The African tourism industry is slowly seeing increasing numbers of female voices that are successfully running their own businesses. One of these is Jacqui Taylor, Founder of Rural Tourism Africa and CEO of Agritourism South Africa. The two operate as a combined association and is the only Agritourism association in Africa, dedicated to “building a strong and recognizable brand that stands for integrity”.
Born in Cape Town, South Africa, she founded the two organisations in 2016, and six years down the line, they continue to make an impact across the continent.
Projects spread across the African continent including Adanwomase Kente Cloth & Ecotourism Centre (Ghana), Tshwane Green Heritage Route (South Africa), Lanyula Sustainable Rural Project (Zimbabwe), COBATI (Community Based Tourism Initiative) based in Uganda and others.
Rural Tourism Africa connects tourists to role players in agri-tourism. As an information hub, it brings to the public tourism activities on farms around Africa, making it easy for local and international tourists to effectively plan their itineraries to these farms.
Also available to members are things like advice and guidance, marketing and promotions, and access to governmental, tourism and organized agricultural institutions.
“The motivation behind the founding of the two organisations is that Africa as a continent is predominately agricultural produce focused. However over the past several decades, many of those who grew up in rural areas had to find employment in cities. I wanted to create employment opportunities through tourism, particularly for rural women and the youth,” says Jacqui Taylor.
The niche markets for both organisations is growing despite the Covid pandemic became a reality in our lives. However, she explains that it was difficult to quantify as there has been insufficient research on the rural tourism market.
Her biggest achievement in the African tourism sector has been to place Agritourism/Rural Tourism on the Agenda list – rural tourism in Africa makes not only economic sense but incorporates access to every aspect of a country that differentiates itself from another country e.g. heritage; culture and so on.
Highlights have been the phenomenal hospitality, warmth and friendships of people she has met in rural communities within and outside of Africa.
She doesn’t specifically view being a woman as a hurdle but appreciates the cultural differences that one needs to adapt to the situation at hand.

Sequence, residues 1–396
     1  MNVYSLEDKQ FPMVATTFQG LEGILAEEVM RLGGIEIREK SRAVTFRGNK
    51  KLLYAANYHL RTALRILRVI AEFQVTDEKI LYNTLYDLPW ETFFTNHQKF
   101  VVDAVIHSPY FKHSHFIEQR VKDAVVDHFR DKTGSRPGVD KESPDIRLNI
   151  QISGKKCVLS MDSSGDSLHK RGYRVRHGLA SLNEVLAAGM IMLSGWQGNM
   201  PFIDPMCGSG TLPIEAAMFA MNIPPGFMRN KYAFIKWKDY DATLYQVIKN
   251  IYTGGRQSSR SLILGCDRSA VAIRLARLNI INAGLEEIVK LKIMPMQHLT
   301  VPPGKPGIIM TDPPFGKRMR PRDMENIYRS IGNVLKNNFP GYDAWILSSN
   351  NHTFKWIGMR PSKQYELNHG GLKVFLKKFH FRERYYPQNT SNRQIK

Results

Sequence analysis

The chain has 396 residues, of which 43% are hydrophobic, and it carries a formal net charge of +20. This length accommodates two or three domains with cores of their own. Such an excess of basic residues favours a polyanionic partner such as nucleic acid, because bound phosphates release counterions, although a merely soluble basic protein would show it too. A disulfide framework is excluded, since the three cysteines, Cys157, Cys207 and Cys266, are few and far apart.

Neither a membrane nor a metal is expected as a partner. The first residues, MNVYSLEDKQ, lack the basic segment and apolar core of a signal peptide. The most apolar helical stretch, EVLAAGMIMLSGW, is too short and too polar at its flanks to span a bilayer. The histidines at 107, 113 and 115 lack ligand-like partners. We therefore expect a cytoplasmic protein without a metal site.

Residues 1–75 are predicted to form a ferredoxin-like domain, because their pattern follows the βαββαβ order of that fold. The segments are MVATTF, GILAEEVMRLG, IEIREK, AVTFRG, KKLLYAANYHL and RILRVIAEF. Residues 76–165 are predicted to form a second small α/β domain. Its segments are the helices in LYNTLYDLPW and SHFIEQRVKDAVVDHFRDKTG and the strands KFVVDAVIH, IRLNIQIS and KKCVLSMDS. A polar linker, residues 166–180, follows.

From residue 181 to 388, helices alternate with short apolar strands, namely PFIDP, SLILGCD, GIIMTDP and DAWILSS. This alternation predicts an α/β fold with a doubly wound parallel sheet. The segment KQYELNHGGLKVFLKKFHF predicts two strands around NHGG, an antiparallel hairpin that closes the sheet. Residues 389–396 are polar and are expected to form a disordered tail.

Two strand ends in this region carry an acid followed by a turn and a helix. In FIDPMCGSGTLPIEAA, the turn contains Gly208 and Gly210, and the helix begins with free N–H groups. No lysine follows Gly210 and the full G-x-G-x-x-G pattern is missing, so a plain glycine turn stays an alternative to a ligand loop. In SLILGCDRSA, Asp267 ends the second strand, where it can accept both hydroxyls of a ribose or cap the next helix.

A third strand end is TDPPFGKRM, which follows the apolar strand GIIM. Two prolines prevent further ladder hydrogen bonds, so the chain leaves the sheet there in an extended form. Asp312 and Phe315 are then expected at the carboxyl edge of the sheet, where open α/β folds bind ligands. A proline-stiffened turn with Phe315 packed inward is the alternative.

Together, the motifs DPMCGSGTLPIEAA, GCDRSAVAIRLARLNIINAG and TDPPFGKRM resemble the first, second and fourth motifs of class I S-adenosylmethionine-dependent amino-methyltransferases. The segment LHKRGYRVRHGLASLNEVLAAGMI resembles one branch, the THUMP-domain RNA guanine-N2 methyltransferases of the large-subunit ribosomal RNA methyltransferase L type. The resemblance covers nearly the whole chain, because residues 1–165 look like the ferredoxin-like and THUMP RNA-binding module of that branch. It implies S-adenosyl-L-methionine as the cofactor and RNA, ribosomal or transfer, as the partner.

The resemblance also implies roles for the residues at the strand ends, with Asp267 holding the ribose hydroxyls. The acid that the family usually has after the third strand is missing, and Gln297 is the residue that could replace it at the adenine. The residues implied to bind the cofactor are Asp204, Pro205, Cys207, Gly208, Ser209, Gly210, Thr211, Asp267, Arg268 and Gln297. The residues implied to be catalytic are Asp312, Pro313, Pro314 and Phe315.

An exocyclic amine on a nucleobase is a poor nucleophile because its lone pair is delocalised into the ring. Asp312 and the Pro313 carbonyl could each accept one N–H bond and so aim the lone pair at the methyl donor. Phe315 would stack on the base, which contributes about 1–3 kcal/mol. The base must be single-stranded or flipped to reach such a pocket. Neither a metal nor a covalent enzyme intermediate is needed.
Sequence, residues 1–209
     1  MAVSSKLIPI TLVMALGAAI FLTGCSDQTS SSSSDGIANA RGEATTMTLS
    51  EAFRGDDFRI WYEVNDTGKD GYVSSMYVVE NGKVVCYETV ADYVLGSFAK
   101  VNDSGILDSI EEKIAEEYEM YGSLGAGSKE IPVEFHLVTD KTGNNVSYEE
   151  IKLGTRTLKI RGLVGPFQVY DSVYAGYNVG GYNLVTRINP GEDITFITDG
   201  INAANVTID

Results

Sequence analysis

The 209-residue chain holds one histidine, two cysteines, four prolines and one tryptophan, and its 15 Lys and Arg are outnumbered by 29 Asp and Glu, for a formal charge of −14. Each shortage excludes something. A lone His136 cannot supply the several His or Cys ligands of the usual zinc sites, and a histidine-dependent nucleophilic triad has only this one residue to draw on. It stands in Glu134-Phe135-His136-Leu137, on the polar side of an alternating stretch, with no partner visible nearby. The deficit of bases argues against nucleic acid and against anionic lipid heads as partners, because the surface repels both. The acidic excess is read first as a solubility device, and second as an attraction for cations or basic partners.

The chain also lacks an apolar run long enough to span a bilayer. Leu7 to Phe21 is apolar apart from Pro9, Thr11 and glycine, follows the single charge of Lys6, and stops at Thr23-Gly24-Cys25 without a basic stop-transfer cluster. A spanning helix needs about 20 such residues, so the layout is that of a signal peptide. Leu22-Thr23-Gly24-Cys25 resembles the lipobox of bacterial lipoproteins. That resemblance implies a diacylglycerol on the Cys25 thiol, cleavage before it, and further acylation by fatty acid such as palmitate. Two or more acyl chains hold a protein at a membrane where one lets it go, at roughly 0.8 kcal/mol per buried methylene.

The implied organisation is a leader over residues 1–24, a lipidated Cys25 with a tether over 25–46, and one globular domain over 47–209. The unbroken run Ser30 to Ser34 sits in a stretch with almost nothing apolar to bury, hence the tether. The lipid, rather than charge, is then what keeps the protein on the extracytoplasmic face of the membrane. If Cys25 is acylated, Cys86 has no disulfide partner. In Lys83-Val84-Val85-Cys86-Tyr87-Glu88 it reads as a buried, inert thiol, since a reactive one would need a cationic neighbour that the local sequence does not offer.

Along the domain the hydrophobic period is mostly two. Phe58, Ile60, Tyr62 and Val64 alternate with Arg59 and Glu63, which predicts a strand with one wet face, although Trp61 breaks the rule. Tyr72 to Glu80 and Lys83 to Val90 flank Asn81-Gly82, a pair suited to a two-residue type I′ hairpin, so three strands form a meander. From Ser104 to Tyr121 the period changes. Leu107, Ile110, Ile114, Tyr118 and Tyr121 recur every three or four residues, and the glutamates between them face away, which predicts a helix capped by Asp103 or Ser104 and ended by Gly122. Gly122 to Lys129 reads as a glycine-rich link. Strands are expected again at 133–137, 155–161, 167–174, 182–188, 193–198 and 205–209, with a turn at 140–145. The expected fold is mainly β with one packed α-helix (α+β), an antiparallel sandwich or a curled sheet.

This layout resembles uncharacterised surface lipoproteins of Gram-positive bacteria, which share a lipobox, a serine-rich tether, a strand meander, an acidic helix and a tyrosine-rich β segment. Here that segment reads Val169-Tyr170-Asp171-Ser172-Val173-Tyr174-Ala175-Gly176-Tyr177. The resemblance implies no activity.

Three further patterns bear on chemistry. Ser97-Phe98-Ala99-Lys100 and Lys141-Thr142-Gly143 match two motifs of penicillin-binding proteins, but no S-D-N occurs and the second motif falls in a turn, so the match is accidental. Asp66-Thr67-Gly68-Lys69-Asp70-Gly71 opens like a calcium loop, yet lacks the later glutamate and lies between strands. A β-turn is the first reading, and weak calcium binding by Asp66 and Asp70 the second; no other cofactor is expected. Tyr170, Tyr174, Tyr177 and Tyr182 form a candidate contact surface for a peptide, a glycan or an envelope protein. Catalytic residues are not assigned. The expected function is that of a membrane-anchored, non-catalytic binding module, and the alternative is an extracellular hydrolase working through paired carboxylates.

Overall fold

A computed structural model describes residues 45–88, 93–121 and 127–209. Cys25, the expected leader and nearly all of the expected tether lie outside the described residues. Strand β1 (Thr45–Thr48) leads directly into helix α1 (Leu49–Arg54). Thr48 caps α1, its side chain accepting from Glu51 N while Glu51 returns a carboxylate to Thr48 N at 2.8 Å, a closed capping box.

Asked whether more women are taking the initiative to venture into and are well represented in tourism, she said “Yes and no, Women make strong, but empathetic leaders. Many women though remain ’trapped in supporting roles.”
She advises that women seeking to break through in hospitality and tourism need to be passionate about making a difference in whatever they do, persevere and be a pillar of strength to those who see you as a mentor.
Something of concern to her is that “Rural tourism does not receive the support it should. The tourism industry refers to sustainability in revenue and numbers, but sustainability should be far more inclusive”, she said.
Jacqui has had a long standing connection with agriculture as a child born to parents who were farm managers, describing them as “very socially proactive in empowering farm workers. They did not ‘talk’, they ‘did’. Our lives were focused on the farm life – hard work, perseverance and determination – ‘grit’. A ‘just do’ approach in our lives was our backbone of our family.”
Her personal goal as a female leader of the tourism industry is to focus on fast tracking rural tourism. She says that with cities around the world becoming overpopulated and services under constant threat of malfunction, a healthy rural economy is imperative for many reasons, food security being an obvious need.
Motivated by a desire to “live rural tourism development” she believes there is no separation between her personal and work life. Rural tourism is her passion and she would not want to do anything else, she says.
With the lockdown restrictions, Rural Tourism Africa and Agritourism South Africa suffered the same losses as other tourism/hospitality businesses. In rural areas though, the strength of support amongst communities for each other was remarkable – ‘ubuntu’ was physically evident – rural communities, from farmers to service providers, rallied round to help one another.
In the next 5 to 10 years she sees Rural Tourism Africa and Agritourism South Africa impacting communities more. “Sustainability is the bottom line, not just financially for rural tourism service providers, but for inclusivity of rural communities in tourism initiatives. The backbone of a country is agricultural and will increasingly become so with climate change and food security high up on the list of priorities, by business and government. Sustainability is not about having ’solar power’ versus ‘Eskom-supplied electricity’ – it is far broader than the environment, we need to focus on people when we talk sustainability.”
“Services are supplied to people who live in countries. The old-stereotype of tourism should have died long before Covid became a reality in everyone’s life. The only way forward is inclusivity.”